We decisively confronted the bourgeois and opportunist forces which were using Colombia in order to attack the peoples’ revolutionary struggle itself. The great difficulties of a prolonged struggle are evident, especially in conditions of a very negative correlation of forces, which are marked by the effects of the counterrevolution and the temporary retreat of the labour and revolutionary movement, by the crisis in which the international communist movement continues to find itself.
The additional barriers and the difficulties which arise from the generous support of imperialism to the Colombian bourgeois state- from the provision of modern means of warfare, from the intensity of the collaboration between the bourgeois states and their mechanisms in the area through a dense network of interstate alliances and organisations- are apparent.
The causes of the major problems that the Colombian people experience-repression, poverty and misery-are inherent to the capitalist system, the power of the monopolies, the bourgeois state, the bourgeois parties and their antipeople policies. And these remain intact after the deal.
The agreement is not judged on the basis of whether it leads to a change in the forms of struggles, something that is the responsibility and obligation of every revolutionary party or movement to choose depending on the conditions and the requirements of the class struggle in its country. The specific agreement is judged by whether (or not) it engages the peoples’ movement of the country in serious, unacceptable concessions to the bourgeoisie and its power, which will disarm it politically and ideologically, thus objectively paving the way for developments that will lead either to the escalation of repression or to its cooption by the system, or to both simultaneously.
Firm internationalist solidarity with the labour-peoples movement of Colombia.
The working class, the popular strata of every country must advance their own interests, their own slogans and goals of struggle in opposition to the domination of capital and its power, in conflict with imperialism, for the right of every people to choose their own path of development. It is necessary to systematically monitor the developments and to maintain a decisive stance at the side of the labour-peoples movement, against any aim to exploit any developments to intensify the persecution and repression. We firmly express our internationalist solidarity with the struggles for the workers-peoples’ rights, for the abolition of exploitation, for a new Colombia with the people in power.
(1)   Read the article “ Revolutionary Armed Forces of Colombia-People’s Army – 37 years of struggles for the New Colombia”, by Raul Reyes on KOMEP 6/2001, especially written for KOMEP (Communist Review).
(2)   Page 70 of the agreement.(Unofficial translation from the Spanish original)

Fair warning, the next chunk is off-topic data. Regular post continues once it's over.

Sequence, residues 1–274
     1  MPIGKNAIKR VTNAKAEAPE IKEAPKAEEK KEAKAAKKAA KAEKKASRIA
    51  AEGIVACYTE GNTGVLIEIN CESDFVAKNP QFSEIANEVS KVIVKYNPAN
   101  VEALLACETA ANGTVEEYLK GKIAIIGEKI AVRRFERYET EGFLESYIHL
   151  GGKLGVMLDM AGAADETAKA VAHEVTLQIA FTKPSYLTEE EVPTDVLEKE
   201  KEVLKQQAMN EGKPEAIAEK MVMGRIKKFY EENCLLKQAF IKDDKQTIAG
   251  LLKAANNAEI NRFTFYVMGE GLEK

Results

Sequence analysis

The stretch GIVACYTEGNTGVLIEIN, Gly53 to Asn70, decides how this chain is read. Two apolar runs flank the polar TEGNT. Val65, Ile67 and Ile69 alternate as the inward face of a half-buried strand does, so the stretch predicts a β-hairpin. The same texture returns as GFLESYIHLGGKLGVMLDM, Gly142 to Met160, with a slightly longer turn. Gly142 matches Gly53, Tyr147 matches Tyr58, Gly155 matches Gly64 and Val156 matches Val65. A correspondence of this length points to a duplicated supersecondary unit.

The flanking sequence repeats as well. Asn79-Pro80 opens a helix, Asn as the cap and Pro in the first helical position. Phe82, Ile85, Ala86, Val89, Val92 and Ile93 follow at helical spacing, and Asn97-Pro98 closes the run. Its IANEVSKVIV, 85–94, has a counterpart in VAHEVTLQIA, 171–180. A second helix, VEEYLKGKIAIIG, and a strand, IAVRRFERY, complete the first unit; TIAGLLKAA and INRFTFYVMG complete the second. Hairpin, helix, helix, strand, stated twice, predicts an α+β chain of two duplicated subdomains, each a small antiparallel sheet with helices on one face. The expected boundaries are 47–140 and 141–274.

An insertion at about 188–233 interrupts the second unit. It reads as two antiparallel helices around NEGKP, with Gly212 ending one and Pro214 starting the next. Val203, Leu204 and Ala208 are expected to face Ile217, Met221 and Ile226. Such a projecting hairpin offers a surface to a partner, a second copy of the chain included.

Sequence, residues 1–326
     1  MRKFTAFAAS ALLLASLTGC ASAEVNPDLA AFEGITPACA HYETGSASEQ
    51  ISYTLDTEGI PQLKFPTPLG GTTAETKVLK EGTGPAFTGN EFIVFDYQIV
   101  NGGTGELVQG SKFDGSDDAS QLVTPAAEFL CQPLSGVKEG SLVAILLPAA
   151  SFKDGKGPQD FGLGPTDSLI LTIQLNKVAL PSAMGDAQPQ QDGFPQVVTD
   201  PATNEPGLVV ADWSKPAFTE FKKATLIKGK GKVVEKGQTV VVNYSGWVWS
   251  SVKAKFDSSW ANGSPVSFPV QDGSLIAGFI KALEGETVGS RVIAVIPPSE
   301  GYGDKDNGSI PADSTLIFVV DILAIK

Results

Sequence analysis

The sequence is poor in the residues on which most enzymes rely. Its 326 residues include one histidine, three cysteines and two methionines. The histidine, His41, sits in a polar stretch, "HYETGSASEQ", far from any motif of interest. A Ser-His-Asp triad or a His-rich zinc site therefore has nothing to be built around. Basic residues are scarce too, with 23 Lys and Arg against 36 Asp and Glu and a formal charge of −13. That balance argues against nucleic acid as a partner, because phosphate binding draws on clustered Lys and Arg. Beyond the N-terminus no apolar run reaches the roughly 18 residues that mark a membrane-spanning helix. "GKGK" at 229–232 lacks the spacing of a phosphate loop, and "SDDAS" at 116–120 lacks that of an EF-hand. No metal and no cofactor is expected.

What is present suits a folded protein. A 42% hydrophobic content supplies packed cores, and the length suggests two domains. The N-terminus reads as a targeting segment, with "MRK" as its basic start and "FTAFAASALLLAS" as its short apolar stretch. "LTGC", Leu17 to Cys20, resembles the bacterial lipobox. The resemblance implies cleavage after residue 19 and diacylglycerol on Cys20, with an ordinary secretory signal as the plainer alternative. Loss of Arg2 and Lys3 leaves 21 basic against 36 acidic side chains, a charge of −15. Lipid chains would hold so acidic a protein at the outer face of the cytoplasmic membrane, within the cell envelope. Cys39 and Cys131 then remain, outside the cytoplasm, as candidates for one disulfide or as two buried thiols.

(3)   Page 72 of the agreement. (Unofficial translation from the Spanish original)
Peace Deal in Colombia Should Inspire Warring Nations to Settle Conflicts – UN
| September 28, 2016 | 8:14 pm | Analysis, FARC, political struggle | No comments
10:28 27.09.2016(updated 10:33 27.09.2016)
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UN Secretary-General Ban Ki-moon welcomed a ceasefire which has ended a half-century war between the Colombian government and FARC rebels.
MOSCOW (Sputnik) — Achieving peace in Colombia after 50 years of war in the country should be an example and inspiration to all the states trying to reach truce and has already become a lesson for peacemakers worldwide, UN Secretary-General Ban Ki-moon said. “You had the vision to bring the victims to the forefront. What they have lost can never be restored. Yet victims have been among the most forceful voices for peace and reconciliation, and against bitterness and hatred. Their example should be an inspiration to all…. Peacemakers working in other parts of the world are already studying Colombia’s peace process for lessons that can inform their efforts,” Ban said at the signing of the Colombia peace agreements. He also pledged to continue to help the government implement the peace agreements and normalize the situation in the war-shattered country. “We will continue to offer our support to address the human rights and humanitarian challenges that persist. I am encouraged to know that there is already excellent collaboration among the Mission, the larger UN system in the country and our Colombian partners,” Ban continued. On Monday, the formal signing of a peace agreement between the Revolutionary Armed Forces of Colombia (FARC) and the Colombian government took place in the Colombian city of Cartagena. The representatives of the European Union, the United Nations, and the International Monetary Fund (IMF) attended the ceremony. Colombia was mired in a half-century war between the FARC and the Colombian government, which has claimed lives of a quarter of a million people. The two parties began peace talks in November 2012.